Music and dance. Instruments used by Mountain Jews included the tar (plucked string instrument) and saz (long-necked fretted flute) (Blady, p. 166). Saz is a Turkic word. Blady also says that there were "many talented musicians and wonderful storytellers among the Mountain Jews" (p. 167). Furthermore: "The Mountain Jews were graceful in their movements, and were excellent dancers..." (p. 168).
Courage and independence. Like the Khazars, the Mountain Jews were "skilled horsemen and
expert marksmen" (Blady, p. 166). They loved
horses and nature. Mountain Jews knew the value of self-defense and carried and
owned many weapons (especially daggers).
Dress.Mountain Jews wore clothing like that of their neighbors in the
Charity. Blady explains that all Mountain Jewish towns had a "house of kindness and charity" which helped poor and sick people.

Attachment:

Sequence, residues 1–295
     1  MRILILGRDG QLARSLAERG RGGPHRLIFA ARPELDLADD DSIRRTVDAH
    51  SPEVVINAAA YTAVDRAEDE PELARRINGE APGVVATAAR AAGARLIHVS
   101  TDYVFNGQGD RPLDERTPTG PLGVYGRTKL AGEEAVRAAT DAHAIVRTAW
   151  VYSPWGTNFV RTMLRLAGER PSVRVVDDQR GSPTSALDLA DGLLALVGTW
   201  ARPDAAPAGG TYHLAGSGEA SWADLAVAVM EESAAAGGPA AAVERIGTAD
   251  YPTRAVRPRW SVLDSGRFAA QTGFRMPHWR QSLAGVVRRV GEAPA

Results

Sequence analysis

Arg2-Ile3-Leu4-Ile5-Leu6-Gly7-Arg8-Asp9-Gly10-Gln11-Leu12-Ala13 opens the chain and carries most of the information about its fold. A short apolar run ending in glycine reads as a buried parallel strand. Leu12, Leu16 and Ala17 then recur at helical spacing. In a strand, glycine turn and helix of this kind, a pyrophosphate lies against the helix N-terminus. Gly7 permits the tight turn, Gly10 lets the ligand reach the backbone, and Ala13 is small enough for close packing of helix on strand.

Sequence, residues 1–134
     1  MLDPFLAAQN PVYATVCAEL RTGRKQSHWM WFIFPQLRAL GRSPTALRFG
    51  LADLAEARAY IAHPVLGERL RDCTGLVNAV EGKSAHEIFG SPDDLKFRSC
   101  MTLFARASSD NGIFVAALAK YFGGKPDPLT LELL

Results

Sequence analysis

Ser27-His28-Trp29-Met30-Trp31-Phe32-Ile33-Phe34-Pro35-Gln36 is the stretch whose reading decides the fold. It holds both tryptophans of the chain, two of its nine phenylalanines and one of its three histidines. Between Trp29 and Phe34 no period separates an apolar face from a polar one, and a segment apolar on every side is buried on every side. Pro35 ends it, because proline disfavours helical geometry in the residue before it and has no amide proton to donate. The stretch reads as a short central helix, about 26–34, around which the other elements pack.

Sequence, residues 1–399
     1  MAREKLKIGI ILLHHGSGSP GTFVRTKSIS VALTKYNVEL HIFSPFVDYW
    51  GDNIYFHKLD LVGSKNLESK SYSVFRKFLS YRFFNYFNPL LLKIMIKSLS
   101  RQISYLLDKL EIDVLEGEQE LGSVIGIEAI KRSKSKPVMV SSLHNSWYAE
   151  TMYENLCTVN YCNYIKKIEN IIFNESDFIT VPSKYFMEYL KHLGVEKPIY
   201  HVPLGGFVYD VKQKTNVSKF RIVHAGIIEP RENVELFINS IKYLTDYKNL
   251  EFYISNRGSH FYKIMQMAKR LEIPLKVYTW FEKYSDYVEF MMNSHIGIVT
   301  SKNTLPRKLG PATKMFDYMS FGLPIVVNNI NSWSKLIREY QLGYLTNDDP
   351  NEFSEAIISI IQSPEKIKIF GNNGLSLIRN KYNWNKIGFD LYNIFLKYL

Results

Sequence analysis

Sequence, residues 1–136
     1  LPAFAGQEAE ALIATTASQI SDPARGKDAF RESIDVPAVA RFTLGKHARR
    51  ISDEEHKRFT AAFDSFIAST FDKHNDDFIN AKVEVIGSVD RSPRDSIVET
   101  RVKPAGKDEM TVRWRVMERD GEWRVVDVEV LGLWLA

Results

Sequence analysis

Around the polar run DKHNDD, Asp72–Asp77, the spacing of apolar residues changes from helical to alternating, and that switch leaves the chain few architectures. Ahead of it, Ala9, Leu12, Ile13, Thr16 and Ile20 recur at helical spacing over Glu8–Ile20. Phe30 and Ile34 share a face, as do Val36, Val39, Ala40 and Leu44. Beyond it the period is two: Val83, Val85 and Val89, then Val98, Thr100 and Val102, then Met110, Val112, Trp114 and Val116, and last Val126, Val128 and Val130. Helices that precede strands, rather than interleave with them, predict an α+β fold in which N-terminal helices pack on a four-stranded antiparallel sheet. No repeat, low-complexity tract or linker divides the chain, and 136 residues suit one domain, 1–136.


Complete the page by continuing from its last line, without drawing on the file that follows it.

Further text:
This kind of cross-culturalism is truly inspiring. It is tragic that the holocaust not only destroyed the lives of millions of Jews, who lived in a similar kind of cultural gumbo, it also unleashed an experiment in ethnic purity that has brought nothing but misery to the people it displaced and an embrace of militarism and chauvinism that were alien to traditional Jewish society, either secular or fundamentalist.
These, at least, are my reactions to Yale Strom's first-rate documentary. What others are stirred to think will largely be a function of the beliefs that they bring with them when they see the film. At the very least, his film will act as a catalyst on the mind and on the heart. Highly recommended.
Swarthmore website on the Jewish Autonomous Region: http://birobidzhan.swarthmore.edu/